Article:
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The role of glia in the hypothalamus: Implications for gonadal steroid feedback and reproductive neuroendocrine output

AuthorsGarcía-Segura, Luis M. ; Lorenz, B.; Doncarlos, Lydia L.
Issue Date2008
PublisherSociety for Reproduction and Fertility
CitationReproduction 135: 419- 429 (2008)
AbstractNeuron-to-glia, glia-to-neuron, and glia-to-glia communication are implicated in the modulation of neuronal activity and synaptic transmission relevant to reproduction. Glial cells play an important role in neuroendocrine regulation and participate in the sexual differentiation of neuronal connectivity of brain regions involved in the control of reproductive neuroenclocrine output. During puberty, modifications in the morphology and chemistry of astrocytes and tanycytes in the hypothalamus and median eminence influence the maturation of the neuronal circuits controlling the secretion of GnRH. During adult reproductive life, the glial cells participate in the transient remodeling of neuronal connectivity in the preoptic area, the arcuate nucleus, the median eminence, and other brain regions involved in the control of reproduction. Gonadal hormones regulate glial plasticity by direct and indirect effects and regulate various other endocrine signals, local soluble factors and adhesion molecules that also affect glial function and glia-to-neuron communication. The glial cells, therefore, are central to the coordination of endocrine and local inputs that bring about neural plasticity and adapt reproductive capacity to homeostatic signals. © 2008 Society for Reproduction and Fertility.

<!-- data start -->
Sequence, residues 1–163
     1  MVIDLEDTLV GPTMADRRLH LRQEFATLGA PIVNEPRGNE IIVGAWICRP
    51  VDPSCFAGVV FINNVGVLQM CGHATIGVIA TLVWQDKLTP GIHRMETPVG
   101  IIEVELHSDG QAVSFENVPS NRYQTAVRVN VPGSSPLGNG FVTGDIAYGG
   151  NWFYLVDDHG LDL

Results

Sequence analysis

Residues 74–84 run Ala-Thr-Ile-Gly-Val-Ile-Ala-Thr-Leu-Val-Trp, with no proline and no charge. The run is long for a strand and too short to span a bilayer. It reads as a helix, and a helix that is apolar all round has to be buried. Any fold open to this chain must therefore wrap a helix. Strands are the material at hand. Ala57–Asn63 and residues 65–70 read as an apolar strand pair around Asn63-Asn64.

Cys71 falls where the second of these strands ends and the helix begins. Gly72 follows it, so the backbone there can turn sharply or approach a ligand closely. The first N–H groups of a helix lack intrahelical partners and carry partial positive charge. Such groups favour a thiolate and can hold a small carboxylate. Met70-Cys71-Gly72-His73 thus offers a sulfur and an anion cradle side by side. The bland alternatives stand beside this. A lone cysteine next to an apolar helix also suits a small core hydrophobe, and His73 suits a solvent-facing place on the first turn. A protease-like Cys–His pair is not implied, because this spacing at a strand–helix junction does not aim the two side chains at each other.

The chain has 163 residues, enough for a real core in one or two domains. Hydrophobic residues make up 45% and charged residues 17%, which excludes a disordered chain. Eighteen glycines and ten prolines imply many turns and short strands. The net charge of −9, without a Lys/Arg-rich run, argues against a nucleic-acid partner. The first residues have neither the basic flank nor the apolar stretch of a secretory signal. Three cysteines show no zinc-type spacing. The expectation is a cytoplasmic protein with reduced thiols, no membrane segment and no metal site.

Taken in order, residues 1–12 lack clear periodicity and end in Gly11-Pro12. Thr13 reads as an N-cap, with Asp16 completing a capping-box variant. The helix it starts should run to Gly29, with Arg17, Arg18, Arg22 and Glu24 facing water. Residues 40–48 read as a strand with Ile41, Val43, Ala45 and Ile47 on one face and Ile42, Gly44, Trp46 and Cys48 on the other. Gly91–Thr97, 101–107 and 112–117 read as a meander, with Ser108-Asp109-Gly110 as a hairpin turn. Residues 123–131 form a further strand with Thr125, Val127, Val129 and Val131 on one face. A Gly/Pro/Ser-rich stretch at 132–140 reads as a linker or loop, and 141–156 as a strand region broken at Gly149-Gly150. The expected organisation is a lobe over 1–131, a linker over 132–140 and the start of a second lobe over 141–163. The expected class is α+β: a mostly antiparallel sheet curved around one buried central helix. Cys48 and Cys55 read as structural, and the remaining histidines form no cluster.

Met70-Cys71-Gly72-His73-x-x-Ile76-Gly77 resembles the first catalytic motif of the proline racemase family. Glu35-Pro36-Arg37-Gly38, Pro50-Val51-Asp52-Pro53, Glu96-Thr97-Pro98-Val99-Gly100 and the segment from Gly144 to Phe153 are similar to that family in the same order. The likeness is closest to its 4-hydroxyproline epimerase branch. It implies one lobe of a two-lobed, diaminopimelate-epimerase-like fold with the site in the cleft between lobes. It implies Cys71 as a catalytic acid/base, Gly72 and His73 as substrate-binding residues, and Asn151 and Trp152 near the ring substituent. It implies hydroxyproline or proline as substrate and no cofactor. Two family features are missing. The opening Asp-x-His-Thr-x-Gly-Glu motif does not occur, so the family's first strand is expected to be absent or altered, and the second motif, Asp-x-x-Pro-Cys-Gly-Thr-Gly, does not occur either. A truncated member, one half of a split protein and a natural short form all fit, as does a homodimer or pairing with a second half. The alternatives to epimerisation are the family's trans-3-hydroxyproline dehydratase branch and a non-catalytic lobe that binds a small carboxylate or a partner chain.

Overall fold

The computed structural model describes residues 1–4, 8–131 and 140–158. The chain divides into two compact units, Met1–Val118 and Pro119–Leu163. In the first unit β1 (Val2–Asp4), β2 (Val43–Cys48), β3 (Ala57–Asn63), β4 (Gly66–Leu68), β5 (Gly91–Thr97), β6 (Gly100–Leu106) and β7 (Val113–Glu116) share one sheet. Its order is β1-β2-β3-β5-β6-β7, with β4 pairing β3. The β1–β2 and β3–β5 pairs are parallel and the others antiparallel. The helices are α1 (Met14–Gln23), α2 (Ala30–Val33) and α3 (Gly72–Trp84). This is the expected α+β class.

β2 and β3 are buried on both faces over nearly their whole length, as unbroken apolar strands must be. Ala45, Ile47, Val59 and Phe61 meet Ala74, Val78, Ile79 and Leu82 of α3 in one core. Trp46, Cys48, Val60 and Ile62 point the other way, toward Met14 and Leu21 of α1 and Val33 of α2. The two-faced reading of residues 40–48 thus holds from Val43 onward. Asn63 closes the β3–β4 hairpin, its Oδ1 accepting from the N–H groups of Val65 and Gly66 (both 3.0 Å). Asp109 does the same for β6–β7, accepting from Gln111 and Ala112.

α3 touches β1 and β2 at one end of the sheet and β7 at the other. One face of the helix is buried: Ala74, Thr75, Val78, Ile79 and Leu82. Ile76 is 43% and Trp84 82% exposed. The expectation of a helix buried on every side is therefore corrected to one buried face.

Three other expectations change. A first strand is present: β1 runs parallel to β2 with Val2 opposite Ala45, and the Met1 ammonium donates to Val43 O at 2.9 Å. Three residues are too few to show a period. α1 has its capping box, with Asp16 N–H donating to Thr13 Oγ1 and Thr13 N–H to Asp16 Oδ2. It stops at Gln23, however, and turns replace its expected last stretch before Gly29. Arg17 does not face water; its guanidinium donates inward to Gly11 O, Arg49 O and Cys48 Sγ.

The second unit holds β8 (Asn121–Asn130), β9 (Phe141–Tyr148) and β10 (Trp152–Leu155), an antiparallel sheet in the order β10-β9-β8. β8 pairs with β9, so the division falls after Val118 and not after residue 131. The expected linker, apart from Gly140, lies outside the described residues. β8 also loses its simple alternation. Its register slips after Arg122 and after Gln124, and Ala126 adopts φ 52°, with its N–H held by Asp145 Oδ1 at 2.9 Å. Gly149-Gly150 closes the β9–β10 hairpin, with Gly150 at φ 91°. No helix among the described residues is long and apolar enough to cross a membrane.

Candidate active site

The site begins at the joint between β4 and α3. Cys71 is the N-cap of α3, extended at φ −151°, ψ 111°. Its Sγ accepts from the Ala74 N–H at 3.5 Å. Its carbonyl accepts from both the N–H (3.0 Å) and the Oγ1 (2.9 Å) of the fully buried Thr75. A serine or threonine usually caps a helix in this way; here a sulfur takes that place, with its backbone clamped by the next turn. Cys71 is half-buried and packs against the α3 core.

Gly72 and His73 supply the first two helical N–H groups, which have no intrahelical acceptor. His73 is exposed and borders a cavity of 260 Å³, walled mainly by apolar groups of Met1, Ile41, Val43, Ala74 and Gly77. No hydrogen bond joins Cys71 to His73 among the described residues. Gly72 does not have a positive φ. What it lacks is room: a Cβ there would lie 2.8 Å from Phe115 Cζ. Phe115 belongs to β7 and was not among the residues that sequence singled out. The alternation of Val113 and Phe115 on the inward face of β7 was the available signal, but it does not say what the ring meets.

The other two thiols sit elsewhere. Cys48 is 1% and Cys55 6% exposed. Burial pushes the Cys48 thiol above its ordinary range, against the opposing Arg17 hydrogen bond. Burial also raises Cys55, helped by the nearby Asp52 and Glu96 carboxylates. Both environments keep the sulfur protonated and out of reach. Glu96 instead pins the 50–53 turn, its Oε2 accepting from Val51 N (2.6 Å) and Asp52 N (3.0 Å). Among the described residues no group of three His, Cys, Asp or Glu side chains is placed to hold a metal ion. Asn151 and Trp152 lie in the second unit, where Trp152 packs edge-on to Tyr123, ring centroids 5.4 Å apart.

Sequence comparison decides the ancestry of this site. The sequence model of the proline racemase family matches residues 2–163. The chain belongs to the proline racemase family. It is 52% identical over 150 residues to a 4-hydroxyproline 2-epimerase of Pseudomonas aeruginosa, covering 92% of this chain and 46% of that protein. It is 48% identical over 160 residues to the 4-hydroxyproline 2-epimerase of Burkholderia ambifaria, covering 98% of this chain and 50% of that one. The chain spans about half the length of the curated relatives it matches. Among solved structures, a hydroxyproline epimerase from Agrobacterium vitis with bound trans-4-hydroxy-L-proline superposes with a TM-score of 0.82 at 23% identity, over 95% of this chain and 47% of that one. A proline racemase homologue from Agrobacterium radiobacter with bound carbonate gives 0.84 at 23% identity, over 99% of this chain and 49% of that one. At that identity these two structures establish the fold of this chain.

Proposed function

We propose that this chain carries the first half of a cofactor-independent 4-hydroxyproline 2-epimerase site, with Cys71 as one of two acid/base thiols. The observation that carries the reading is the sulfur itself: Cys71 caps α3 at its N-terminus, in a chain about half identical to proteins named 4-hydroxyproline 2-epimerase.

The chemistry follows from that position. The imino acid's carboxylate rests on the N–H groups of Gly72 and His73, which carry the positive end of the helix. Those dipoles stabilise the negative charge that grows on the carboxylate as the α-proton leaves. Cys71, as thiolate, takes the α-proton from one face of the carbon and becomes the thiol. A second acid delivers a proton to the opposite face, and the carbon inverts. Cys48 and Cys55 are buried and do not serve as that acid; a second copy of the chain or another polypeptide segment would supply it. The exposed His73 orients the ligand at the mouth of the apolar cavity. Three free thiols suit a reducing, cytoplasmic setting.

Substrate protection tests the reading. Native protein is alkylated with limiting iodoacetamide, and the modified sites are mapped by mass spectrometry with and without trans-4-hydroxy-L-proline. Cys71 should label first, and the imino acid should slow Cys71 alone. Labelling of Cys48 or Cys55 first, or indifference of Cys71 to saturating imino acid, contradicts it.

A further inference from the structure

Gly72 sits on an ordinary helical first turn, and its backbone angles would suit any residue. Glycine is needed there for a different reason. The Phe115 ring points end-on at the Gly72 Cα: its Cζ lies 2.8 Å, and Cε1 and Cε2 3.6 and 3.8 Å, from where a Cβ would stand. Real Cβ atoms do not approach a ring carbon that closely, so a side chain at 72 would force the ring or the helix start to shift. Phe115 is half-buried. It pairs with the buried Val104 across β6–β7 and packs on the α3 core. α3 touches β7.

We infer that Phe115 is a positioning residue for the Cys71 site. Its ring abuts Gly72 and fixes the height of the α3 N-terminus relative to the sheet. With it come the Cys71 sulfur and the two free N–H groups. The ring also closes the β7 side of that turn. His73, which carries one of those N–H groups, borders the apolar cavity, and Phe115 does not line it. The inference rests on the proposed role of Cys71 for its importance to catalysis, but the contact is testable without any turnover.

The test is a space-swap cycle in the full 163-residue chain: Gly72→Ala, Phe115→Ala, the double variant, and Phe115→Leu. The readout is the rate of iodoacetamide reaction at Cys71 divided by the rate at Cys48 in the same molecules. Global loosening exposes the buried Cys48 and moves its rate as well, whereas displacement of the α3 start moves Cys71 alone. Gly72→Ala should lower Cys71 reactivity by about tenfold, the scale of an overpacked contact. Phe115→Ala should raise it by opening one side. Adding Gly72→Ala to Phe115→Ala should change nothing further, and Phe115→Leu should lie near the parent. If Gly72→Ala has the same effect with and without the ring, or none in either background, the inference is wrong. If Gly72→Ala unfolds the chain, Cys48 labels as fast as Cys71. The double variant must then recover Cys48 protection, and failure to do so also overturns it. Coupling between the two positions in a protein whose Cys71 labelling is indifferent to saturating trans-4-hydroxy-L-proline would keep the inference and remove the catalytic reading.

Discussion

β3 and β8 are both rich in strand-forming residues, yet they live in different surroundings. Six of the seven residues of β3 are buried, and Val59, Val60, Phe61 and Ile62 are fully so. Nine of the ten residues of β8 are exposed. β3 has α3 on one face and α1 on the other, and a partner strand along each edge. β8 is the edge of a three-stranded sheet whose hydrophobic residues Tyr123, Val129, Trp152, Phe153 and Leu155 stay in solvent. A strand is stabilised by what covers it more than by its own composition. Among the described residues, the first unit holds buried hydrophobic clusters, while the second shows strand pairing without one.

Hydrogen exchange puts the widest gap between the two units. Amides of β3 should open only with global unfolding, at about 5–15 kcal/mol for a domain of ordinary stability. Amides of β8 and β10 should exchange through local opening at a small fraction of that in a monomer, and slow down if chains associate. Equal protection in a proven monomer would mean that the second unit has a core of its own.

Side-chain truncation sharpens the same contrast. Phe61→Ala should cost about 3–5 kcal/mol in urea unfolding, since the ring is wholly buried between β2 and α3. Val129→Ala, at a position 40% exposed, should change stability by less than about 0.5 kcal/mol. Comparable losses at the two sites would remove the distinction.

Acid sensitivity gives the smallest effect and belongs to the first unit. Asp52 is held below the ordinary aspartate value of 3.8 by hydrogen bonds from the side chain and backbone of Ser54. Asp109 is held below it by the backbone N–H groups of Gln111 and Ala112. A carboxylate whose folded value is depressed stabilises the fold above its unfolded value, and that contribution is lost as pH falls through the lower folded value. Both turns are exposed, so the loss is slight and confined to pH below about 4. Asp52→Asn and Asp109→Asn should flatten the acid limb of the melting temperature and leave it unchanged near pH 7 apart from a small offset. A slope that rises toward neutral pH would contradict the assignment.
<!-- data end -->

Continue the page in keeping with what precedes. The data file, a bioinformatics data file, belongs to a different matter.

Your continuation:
Identifiersdoi: 10.1530/REP-07-0540
issn: 1470-1626
Appears in Collections:(IC) Artículos
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